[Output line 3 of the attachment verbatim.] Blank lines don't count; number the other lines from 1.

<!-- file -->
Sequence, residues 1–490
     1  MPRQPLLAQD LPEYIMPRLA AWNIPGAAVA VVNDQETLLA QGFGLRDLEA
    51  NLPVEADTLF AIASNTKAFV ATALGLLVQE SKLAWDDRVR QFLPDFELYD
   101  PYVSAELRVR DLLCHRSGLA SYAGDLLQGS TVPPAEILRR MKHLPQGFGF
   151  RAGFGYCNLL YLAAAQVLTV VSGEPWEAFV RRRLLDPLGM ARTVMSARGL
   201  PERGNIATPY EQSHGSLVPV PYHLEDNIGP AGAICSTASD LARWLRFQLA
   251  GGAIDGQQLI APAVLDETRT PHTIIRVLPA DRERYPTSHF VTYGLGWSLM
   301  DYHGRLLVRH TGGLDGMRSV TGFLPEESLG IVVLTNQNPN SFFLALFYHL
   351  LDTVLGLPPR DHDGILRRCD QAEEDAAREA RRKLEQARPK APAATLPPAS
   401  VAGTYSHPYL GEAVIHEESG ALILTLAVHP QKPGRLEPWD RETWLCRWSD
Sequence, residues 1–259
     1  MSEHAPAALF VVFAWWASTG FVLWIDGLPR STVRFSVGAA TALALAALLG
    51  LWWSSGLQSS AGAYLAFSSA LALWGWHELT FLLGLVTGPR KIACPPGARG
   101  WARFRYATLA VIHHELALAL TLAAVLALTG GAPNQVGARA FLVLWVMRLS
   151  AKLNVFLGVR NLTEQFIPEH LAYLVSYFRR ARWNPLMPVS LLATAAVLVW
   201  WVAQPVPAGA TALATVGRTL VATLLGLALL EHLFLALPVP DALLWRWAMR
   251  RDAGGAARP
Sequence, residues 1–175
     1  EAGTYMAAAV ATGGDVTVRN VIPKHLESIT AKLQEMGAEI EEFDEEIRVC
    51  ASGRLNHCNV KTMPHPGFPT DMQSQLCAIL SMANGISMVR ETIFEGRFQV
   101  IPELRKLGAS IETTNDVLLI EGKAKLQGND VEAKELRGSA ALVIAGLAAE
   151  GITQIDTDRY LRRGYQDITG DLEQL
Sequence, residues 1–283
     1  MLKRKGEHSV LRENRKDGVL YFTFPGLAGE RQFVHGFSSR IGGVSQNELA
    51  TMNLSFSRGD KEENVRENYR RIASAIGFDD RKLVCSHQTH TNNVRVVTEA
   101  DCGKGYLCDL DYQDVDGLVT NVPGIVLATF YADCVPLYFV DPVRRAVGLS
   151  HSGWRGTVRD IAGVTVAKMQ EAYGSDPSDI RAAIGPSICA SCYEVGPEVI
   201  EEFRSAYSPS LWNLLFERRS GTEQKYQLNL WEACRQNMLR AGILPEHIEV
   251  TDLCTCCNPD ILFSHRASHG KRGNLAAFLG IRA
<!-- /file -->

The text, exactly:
    51  NLPVEADTLF AIASNTKAFV ATALGLLVQE SKLAWDDRVR QFLPDFELYD